E-Prime & Other Extremes

Subject: E-Prime & Other Extremes
From: doug montalbano <doug_montalbano -at- CC -dot- CHIRON -dot- COM>
Date: Thu, 5 May 1994 14:59:39 PST

On 5/5/94, Marguerite wrote (in reply to Sean O'Donnell-Brown):

I tend to lump initiatives like E-prime, Information Mapping, Caterpillar
Basic English (or whatever its successors are called now), etc., with
bra-burning and the novel that someone wrote without using the letter "e"
at all. They're all examples of an idea, good in itself, taken to an
extreme to make a point. Then it becomes something of a religion, and the
point gets lost.

Well, frankly, I'm glad people have done all these things. These efforts
show style taken to the extreme -- the limits of a particular stylistic
device. By finding these limits, we as writers know better where we can go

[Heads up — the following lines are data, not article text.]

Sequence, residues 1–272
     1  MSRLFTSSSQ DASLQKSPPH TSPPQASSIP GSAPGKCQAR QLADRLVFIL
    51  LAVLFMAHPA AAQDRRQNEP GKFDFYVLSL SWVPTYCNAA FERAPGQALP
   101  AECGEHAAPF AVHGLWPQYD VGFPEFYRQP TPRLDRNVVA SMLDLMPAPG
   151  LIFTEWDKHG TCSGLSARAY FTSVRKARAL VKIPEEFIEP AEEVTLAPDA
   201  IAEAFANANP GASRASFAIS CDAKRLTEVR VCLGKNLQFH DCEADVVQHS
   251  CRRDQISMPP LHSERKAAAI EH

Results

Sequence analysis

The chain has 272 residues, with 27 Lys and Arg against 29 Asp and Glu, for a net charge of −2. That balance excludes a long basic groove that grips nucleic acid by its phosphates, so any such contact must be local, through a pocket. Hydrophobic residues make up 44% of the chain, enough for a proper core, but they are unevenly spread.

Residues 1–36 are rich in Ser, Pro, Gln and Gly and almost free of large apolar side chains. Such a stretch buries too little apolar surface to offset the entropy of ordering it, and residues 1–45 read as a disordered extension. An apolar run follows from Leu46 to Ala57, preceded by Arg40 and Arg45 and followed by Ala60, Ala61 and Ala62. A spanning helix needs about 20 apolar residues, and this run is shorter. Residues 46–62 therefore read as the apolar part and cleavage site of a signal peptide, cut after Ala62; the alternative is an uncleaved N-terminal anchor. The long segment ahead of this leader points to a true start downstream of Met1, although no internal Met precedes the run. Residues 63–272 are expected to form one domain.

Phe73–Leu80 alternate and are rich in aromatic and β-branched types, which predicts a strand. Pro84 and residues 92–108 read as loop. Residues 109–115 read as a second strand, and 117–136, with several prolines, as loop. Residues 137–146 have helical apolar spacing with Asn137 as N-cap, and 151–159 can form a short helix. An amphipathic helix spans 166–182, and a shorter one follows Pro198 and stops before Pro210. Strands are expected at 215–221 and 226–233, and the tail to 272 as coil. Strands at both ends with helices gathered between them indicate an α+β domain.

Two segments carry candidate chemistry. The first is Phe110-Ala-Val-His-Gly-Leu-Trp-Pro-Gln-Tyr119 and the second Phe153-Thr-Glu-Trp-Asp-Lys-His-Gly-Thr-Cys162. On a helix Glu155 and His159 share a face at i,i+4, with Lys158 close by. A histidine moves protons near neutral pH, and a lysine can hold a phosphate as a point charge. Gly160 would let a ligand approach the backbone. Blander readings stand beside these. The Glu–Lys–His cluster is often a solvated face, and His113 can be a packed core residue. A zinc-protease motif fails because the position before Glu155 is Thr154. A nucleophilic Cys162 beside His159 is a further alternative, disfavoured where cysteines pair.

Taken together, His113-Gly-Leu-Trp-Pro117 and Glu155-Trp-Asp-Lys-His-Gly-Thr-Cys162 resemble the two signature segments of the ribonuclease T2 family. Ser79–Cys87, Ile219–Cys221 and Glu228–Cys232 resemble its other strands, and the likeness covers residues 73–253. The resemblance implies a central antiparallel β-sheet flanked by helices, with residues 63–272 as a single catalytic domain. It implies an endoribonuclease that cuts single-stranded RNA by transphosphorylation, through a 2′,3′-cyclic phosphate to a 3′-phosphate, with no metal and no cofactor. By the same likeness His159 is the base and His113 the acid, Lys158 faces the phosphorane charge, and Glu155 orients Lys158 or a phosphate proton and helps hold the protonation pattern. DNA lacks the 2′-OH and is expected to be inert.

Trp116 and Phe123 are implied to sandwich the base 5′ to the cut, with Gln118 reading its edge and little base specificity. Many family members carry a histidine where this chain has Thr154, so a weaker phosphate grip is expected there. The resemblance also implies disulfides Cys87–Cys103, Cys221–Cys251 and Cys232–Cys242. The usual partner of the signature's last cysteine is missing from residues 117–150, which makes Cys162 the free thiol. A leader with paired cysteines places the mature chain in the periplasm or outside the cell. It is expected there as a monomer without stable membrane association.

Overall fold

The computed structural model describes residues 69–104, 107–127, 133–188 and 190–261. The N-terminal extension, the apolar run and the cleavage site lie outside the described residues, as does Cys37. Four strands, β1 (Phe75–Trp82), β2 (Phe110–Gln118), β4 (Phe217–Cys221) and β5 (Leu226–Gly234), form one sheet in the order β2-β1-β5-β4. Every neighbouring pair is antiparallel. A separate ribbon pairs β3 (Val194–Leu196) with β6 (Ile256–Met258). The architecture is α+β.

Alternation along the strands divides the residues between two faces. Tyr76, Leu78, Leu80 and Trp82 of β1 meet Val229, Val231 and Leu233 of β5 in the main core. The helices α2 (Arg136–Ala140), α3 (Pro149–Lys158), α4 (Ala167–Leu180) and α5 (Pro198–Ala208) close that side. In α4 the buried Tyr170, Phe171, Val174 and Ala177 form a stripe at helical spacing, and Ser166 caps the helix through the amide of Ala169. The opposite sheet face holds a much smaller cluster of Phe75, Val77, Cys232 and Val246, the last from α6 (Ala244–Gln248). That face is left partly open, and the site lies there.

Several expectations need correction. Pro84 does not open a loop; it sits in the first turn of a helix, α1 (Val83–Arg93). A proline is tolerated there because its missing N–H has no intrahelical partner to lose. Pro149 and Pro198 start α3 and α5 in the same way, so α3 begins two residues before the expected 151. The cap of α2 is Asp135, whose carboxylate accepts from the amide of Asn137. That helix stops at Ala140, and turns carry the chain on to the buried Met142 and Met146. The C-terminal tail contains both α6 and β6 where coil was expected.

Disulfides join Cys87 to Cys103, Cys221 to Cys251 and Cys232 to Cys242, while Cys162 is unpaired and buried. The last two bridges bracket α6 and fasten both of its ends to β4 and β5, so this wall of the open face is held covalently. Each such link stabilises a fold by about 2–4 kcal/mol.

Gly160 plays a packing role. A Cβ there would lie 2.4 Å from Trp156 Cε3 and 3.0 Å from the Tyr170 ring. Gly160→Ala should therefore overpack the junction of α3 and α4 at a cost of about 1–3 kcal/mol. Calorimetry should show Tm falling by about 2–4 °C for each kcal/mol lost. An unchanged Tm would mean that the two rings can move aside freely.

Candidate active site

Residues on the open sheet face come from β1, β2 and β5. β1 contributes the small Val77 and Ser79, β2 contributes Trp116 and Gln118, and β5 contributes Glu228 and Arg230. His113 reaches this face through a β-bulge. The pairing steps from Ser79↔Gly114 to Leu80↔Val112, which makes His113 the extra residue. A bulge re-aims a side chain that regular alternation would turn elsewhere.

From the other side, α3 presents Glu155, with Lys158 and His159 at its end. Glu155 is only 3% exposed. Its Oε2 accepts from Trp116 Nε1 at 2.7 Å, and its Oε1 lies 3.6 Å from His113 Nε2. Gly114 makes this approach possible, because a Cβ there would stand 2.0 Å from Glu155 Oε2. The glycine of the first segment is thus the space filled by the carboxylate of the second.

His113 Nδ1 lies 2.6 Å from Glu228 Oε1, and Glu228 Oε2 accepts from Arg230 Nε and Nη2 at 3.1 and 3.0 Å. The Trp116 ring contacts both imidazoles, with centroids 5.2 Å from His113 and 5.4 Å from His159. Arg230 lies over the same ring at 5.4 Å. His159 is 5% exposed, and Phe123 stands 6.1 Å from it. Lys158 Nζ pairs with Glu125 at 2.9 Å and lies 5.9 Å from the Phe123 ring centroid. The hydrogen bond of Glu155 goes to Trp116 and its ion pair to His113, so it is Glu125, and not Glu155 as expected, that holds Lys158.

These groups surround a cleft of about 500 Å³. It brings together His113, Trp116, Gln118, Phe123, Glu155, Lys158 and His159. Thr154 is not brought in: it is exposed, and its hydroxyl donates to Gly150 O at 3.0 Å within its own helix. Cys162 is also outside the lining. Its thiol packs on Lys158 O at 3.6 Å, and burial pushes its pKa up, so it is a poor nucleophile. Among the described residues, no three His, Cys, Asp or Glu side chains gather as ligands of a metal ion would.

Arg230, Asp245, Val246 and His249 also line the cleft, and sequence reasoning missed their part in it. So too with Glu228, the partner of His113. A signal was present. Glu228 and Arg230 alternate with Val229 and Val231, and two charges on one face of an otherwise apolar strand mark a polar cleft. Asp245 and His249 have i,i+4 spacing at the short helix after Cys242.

with our efforts. We're able to focus on *when* to use certain devices and
*for whom*.

Sure, the verb "to be" gets overused, especially since it supports the
passive voice. That doesn't mean we should do away with it altogether.
Frankly, I'd rather see a short, straightforward "is" than a longer
circumlocution inserted merely to avoid using the verb "to be."

The point *is* that all words are just tools in our toolbox. Ditto the
rules of grammar. It's up to the writer/editor, as a skilled craftsperson,
to use those tools appropriately to create an intangible called
"communication." And I, for one, don't want anyone arbitrarily removing
any of my tools.

Well said. And our tools become more effective in part *because* some
others have taken things like E-Prime to the limit.

Doug (th'other one)

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